Some viewpoints hinge on which metrics people weigh the most. While there are certain analytics that bump Bergeron and Couturier down in the eyes of some, O’Reilly tends to bridge the “traditional” and “fancy stats” gap the most of the three Selke finalists.

He certainly checks the traditional boxes. ROR is another faceoff beast on a team that can be suffocating defensively. As much as these awards are based on 2019-20, O’Reilly certainly made an impression with his outstanding work during the Blues’ 2019 Stanley Cup run.

Bergeron and Couturier rank as inoffensive choices, but O’Reilly might be the frontrunner overall.

Then again, that’s for you (and eventually, the PHWA) to decide:

NHL AWARD FINALISTS
Ted Lindsay Award: Leon Draisaitl, Nathan MacKinnon, Artemi Panarin
Calder Trophy: Quinn Hughes, Cale Makar, Dominik Kubalik
Jack Adams Award: Bruce Cassidy, John Tortorella, Alain Vigneault
• Masterton Trophy: Stephen Johns, Oskar Lindblom, Bobby Ryan

Lady Byng Trophy: Nathan MacKinnon, Auston Matthews, Ryan O’Reilly
Vezina Trophy: Connor Hellebuyck, Tuukka Rask, Andrei Vasilevskiy
Norris Trophy: John Carlson, Victor Hedman, Roman Josi
Hart Trophy: Leon Draisaitl, Nathan MacKinnon, Artemi Panarin

James O’Brien is a writer for Pro Hockey Talk on NBC Sports. Drop him a line at phtblog@nbcsports.com or follow him on Twitter @cyclelikesedins.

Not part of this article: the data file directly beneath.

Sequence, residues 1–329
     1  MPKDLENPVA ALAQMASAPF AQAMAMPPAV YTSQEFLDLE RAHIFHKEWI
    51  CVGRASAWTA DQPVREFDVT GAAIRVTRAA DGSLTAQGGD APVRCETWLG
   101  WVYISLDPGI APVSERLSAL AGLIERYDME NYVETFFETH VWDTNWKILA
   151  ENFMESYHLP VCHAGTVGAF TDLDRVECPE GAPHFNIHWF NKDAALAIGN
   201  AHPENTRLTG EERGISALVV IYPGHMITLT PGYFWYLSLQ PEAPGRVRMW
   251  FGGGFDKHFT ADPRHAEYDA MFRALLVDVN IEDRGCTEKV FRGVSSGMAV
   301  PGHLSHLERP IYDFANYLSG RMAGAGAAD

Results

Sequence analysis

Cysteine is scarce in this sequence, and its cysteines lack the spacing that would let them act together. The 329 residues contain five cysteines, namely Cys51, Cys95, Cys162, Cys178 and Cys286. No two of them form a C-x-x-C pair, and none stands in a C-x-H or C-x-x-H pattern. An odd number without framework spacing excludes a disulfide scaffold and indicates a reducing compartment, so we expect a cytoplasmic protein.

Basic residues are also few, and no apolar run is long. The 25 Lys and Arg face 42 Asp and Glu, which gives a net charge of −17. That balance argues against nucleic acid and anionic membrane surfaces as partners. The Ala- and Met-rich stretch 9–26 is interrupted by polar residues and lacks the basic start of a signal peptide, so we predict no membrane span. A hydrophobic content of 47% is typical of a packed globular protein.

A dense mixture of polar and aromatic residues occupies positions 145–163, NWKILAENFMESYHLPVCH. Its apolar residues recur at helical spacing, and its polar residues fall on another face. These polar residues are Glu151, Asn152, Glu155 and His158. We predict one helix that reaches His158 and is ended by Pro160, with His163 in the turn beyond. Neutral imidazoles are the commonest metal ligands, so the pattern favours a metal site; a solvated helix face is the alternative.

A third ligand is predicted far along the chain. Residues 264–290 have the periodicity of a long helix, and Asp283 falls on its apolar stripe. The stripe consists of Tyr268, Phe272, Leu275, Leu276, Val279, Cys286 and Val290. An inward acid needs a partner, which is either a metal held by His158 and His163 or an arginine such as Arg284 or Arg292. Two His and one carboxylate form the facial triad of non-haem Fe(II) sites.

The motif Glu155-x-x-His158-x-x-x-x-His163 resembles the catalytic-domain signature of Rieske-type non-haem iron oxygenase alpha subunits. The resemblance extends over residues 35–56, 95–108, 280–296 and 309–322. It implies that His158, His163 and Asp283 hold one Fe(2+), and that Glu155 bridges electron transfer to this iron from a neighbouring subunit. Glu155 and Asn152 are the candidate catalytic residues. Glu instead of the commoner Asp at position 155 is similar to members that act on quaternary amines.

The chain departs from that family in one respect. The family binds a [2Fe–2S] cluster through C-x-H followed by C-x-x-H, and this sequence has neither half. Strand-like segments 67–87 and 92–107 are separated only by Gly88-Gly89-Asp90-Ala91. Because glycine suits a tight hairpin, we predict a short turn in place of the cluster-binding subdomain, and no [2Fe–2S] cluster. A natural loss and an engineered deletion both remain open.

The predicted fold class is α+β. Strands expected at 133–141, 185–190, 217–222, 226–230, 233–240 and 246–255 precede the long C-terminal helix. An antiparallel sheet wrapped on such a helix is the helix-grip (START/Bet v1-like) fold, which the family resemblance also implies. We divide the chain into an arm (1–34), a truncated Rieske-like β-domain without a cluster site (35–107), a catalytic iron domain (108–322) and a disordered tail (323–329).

Carlson, Hedman, Josi are 2019-20 Norris Trophy finalists

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John Carlson of the Capitals, Roman Josi of the Predators, and Victor Hedman of the Lightning have been voted finalists for the 2019-20 Norris Trophy. The award is given to league’s top defenseman “who demonstrates throughout the season the greatest all-round ability in the position.”

The Norris Trophy is voted on by the Professional Hockey Writers Association at the end of the regular season.

The winner will be announced during the conference finals.

[2020 NHL Stanley Cup Qualifiers schedule]

The case for John Carlson: He led all defensemen in scoring with 15 goals and 75 points. Those 75 points are the fifth-highest total at the position in the last decade. Carlson only played 69 games due to the NHL pause, and his 1.09 points per game is the best by a blue liner since Ray Bourque (1.26) and Sergei Zubov (1.14) were productive in 1993-94. The Capitals’ vet was a plus possession player (51% Corsi), had an expected goals against per 60 of 2.7. This is his first time as a finalist and he’s looking to become the franchise’s first winner since Rod Langway’s back-to-back victories in 1982-83 and 1983-84.